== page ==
When considering access to content rules, what can we learn from the Ozzies?

HMG is considering access to content rules for digital platforms [1]. So, how well is the Australian News Media Bargaining Code (AMBC) [2] working out?

The AMBC has been in operation since 25 February 2021. Much was said at the time about it. Did the Australian Government back down when faced with Google and Facebook’s threats to withdraw from Oz? Or did Facebook cave? [3] Was the compromise reached a good one that safeguards journalism and an independent media? How is it all working out?

Why was there an AMBC?

The Australian competition authority, the ACCC, found in the Final Report of its Digital Platform Inquiry (July 2019) that there was an imbalance of bargaining power between Google and Facebook and news media businesses. News media businesses are not able to negotiate with the platforms for a share of the revenue generated by the digital platforms using their news content. The ACCC considered that government intervention was needed. The public benefit from the production and dissemination of news, and the importance of a strong independent media in a well-functioning democracy was threatened otherwise.

What is the AMBC?

The Australian legislation establishes a mandatory code of conduct to address bargaining power imbalances between digital platform services and Australian news businesses. It includes obligations about:

• bargaining in good faith – “designated digital platform corporations” (“designated platforms”) and registered news businesses that have indicated an intention to bargain, should do so in good faith;

• compulsory binding final offer arbitration – where parties cannot come to a negotiated agreement within 3 months about remuneration relating to the making available of covered news content on designated digital platform services, an arbitral panel will select between two final offers made by the
bargaining parties;

• non differentiation requirements, standard offers, collective bargaining, information requests, advance notice of planned changes and obligations to provide news businesses with information about users’ interactions with news content, and a requirement to develop a proposal to appropriately recognise original news content, are all in the legislation.  

contracting out – the legislation allows a digital platform to reach a commercial bargain with a news business outside a code about remuneration or other matters. It provides that parties who notify the ACCC of such agreements would not need to comply with the general requirements, bargaining and compulsory arbitration rules (as set out in the agreement);

The Australian Treasurer is the minister that has the designation power. If the Minister has considered whether there is a significant bargaining power imbalance between Australian news businesses and the digital platform corporation’s corporate group, ”and whether the platform has made a significant contribution to the sustainability of the Australian news industry”. So, if Australian news businesses receive substantial payments, the law does not need to apply?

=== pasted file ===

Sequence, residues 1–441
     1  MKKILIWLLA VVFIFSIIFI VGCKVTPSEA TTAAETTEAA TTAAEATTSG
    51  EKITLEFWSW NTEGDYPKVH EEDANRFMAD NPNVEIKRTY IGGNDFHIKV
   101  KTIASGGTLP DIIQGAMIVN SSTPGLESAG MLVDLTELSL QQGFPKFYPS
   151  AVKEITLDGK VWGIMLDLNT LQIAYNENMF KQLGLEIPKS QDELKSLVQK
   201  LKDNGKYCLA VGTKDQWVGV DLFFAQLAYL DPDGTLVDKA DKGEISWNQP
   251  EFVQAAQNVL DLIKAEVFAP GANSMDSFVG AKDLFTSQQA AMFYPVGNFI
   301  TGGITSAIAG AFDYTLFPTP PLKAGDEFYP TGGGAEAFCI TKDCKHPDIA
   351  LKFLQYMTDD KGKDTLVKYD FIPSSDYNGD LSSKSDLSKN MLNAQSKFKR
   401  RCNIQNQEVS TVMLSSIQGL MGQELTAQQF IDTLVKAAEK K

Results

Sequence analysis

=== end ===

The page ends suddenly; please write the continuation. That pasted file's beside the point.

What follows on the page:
See further: https://www.accc.gov.au/system/files/Revised%20explanatory%20memorandum.pdf

Comments and questions

The system appears to explicitly allow individual or collective dependency of news businesses on platforms.

Contracting out can be seen as a mechanism to create dependency. It is understood that both Google and Facebook created news products that are being used on a contractual basis.

There have been no disputes as far as we know. Rod Sims, the former Chair of the ACCC and father of the legislation, estimates that $200 million has been paid to journalists and sees that as a success. [4]   

But, how could an online news business realistically have a dispute with a dominant platform without risking delisting? If the online news business is not carried by the platform, how would you assess the business risk?  

Have the stated objectives of “achieving a strong and independent media” been achieved?

[1] Some claim it has been an unalloyed success: https://www.newsmediaalliance.org/australias-news-media-bargaining-code-is-a-major-success-that-the-u-s-can-emulate /https://assets.publishing.service.gov.uk/government/uploads/system/uploads/attachment_data/file/1073411/Platforms_publishers_advice._A.pdf

[2] https://www.accc.gov.au/focus-areas/digital-platforms/news-media-bargaining-code/news-media-bargaining-code/final-legislation

[3] https://www.promarket.org/2021/02/25/google-facebook-australia-news-bargaining-antitrust-accc-small-publishers/

[4] https://jninstitute.org/wp-content/uploads/2022/05/Rod-Sims_News-Bargaining-Code_2022.pdf

Header image courtesy of Wikimedia Commons (licensed for free under the Wikimedia Commons free license)